Paruppu Usili

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My adventures in not using rice continue with today's offering, Paruppu Usili. This is a SUPER typical South Indian Tamil Brahmin dish. We're talking old grannies all have their own recipes for it. Unfortunately, because of the expense (lentils cost way more than grains), people don't often make it. So it's like a special treat.

It's extremely healthy, because it's not so heavily starchy and carby like most South Indian food tends to be. It's also very simple to make, if you have a food processor. There ARE versions out there where you leave the split peas whole, and go from there. However, I find those take too long to cook, and don't come out as nice as the ground ones do.

So. To start, let's cover the ingredients.

Ingredients[edit]

  • 4 cups split daal of your choice (tuvar daal, chana daal, moong daal, split yellow peas)
  • 12 cups cold water
  • 2 heads broccoli, cut into small pieces (you can use any other vegetable you like; lots of people use green beans or cabbage)
  • 1 cup cashews (optional)
  • 1 cup grated coconut (optional)
  • 1 red bell pepper, diced finely (optional)
  • 2 poblano peppers, diced finely (it's what I had on hand; you can use any chile pepper you like, or leave it out)
  • 3 TB canola or peanut oil
  • 1 tsp black mustard seed
  • 1 tsp cumin seed
  • 3 tsp sesame seed (optional)
  • Salt, to taste


Method[edit]

In 12 cups of water, soak the daal overnight. This won't work so well with a hot soak, because you don't want the daal to cook yet at all. Please use cold water. The next day, drain and rinse the daal well. In the bowl of a food processor, add about 2 cups of the soaked daal at a time, and pulse until the texture resembles couscous.

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This is the texture you're aiming for. You want it to be crumbly. Then, find a way to steam the lentils. I used a microwave. I microwaved it on full power (covered) for 10 minutes. They were done to perfection. What's going to happen is that the whole thing will form a lump. THIS IS OK! This is supposed to happen. Don't worry about this.

If you own a steamer, this is a good time to use it. If you only have idli plates, that works too. Whatever method you use, get the ground daal steamed. Let the lumpy mass cool completely. Then, place it by handfuls into the food processor, and re-pulse until you get the crumbly texture again. Like magic, it goes right back to that perfect, fluffy texture.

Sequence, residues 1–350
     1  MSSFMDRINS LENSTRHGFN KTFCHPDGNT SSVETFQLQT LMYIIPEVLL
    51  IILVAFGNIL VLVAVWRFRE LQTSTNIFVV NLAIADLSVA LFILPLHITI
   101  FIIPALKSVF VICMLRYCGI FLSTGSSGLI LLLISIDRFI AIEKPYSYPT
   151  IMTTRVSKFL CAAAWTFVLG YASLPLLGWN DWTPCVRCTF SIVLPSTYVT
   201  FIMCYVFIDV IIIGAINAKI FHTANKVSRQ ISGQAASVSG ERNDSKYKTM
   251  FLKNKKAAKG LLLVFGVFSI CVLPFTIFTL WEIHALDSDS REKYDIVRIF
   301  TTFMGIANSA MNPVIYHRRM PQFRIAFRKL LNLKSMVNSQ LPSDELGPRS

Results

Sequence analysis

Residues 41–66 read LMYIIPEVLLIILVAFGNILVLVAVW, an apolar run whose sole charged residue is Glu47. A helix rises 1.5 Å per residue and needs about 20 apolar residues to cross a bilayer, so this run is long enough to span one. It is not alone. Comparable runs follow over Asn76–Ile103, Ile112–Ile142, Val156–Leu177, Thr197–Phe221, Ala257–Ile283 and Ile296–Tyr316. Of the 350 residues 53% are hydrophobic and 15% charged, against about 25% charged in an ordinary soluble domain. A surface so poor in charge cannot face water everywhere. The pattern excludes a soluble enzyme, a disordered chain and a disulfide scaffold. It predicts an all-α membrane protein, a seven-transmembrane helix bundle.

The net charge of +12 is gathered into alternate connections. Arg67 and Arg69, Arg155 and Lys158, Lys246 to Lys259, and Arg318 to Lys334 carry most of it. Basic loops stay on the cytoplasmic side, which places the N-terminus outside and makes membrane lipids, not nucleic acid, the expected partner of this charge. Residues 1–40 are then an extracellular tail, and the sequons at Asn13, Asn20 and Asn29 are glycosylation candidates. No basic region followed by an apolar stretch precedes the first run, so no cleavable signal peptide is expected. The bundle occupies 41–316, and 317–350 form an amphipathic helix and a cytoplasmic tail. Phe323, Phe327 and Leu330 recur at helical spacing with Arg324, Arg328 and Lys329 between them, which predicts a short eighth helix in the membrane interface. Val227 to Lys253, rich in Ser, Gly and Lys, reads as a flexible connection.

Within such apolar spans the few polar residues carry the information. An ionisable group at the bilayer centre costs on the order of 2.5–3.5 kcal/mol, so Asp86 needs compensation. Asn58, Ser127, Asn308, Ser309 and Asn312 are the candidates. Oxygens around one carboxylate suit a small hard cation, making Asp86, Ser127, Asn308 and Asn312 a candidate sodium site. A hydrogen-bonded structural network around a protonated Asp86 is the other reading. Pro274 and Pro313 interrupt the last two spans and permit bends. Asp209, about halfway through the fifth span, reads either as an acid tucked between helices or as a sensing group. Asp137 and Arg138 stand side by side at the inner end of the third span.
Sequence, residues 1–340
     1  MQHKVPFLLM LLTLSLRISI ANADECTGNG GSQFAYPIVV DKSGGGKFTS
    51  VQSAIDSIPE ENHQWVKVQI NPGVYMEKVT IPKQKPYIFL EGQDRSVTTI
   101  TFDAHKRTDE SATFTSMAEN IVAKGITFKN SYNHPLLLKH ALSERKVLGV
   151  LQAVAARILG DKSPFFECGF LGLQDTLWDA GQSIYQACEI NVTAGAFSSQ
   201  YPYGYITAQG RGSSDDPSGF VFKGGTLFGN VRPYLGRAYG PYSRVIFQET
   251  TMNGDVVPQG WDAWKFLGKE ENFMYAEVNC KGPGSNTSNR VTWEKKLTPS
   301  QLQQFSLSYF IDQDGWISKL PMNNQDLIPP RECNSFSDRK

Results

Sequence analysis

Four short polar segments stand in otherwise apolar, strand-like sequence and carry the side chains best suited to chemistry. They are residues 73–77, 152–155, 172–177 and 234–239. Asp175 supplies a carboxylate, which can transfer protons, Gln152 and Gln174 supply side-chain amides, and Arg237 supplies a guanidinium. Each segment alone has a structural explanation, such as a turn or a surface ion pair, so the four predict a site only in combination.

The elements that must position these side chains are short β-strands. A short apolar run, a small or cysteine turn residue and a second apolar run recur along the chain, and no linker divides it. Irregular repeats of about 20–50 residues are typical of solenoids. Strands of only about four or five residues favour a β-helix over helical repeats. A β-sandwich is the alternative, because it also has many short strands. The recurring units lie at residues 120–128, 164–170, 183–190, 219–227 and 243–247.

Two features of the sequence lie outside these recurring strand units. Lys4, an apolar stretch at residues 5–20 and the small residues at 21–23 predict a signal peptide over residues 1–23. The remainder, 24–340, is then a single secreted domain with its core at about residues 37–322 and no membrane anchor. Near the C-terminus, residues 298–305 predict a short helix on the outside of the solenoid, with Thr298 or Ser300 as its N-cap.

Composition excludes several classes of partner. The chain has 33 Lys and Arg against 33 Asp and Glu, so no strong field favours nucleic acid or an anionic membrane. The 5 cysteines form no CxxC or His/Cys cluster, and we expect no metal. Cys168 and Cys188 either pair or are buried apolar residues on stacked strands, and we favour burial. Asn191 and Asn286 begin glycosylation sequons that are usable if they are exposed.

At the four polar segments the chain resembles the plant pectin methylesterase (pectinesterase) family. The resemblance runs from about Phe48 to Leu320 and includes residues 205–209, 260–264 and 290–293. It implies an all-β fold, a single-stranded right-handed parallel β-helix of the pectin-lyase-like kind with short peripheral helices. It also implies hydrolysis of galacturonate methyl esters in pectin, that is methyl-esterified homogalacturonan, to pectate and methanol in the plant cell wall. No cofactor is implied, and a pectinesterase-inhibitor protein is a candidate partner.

When that's done, chop your vegetables finely. You want them in small pieces.

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These are the chopped peppers, cashews and coconut. I didn't have fresh coconut, so I used the dried stuff. You can too if you like.

Once all your veggies are chopped, and your ingredients are lined up in front of you (especially the spices), go ahead and get your pot on the stove with the fat, and let the fat get hot. When it gets hot, add the mustard seeds:

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They will pop and splutter. Please give the mustard seeds time to pop. If they do not pop, they will be horrible tasting and bitter. Once they do pop, they become super fragrant, and smell vaguely of popcorn. When the popping has subsided, add your cumin seeds:

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They too will pop like mad. Once they've settled down, add the sesame seeds, the cashews, and the coconut. The reason you add the cashews and coconut now is because you want the coconut to actually taste like coconut, and the cashew to get roasted. You don't pop the sesame seeds, because they don't need that much heat to pop. They'll keep popping as you stir the nuts and coconut together. Once the whole house smells of amazing coconut and roasted cashews, add the broccoli.

I chose to steam my broccoli before adding it, because I have the luxury of a hot water machine at work, and I was happy to do it. If you don't have that around, don't bother steaming it. The broccoli will cook just fine if you add it raw. Stir around the broccoli into the fat and spices until it's mostly cooked. Then, dump in the peppers.

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Sautee everything around well until it gets tender. When the veggies are cooked, add the ground steamed daal, and stir well.

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Cook the daal in the pot until it starts sticking a bit to the bottom. This makes sure that you've driven off any excess moisture from the dish. Serve piping hot, with a side of stewed greens or other vegetables of your choice. Some people even like to eat usili with dosa or idli or rice.

It really is a special treat to have, and I hope you'll try it out.